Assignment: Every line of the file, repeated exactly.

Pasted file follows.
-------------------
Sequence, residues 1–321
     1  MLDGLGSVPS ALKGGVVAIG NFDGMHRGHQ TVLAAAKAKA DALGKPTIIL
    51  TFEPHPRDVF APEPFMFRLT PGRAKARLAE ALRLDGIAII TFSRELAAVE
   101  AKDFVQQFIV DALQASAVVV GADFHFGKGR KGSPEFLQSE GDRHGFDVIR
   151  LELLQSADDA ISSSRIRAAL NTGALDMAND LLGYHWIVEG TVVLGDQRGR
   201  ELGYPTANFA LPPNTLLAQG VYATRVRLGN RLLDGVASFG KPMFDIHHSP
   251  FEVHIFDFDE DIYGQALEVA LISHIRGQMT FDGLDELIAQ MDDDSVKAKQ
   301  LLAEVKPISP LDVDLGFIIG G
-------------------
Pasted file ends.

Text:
Sequence, residues 1–321
     1  MLDGLGSVPS ALKGGVVAIG NFDGMHRGHQ TVLAAAKAKA DALGKPTIIL
    51  TFEPHPRDVF APEPFMFRLT PGRAKARLAE ALRLDGIAII TFSRELAAVE
   101  AKDFVQQFIV DALQASAVVV GADFHFGKGR KGSPEFLQSE GDRHGFDVIR
   151  LELLQSADDA ISSSRIRAAL NTGALDMAND LLGYHWIVEG TVVLGDQRGR
   201  ELGYPTANFA LPPNTLLAQG VYATRVRLGN RLLDGVASFG KPMFDIHHSP
   251  FEVHIFDFDE DIYGQALEVA LISHIRGQMT FDGLDELIAQ MDDDSVKAKQ
   301  LLAEVKPISP LDVDLGFIIG G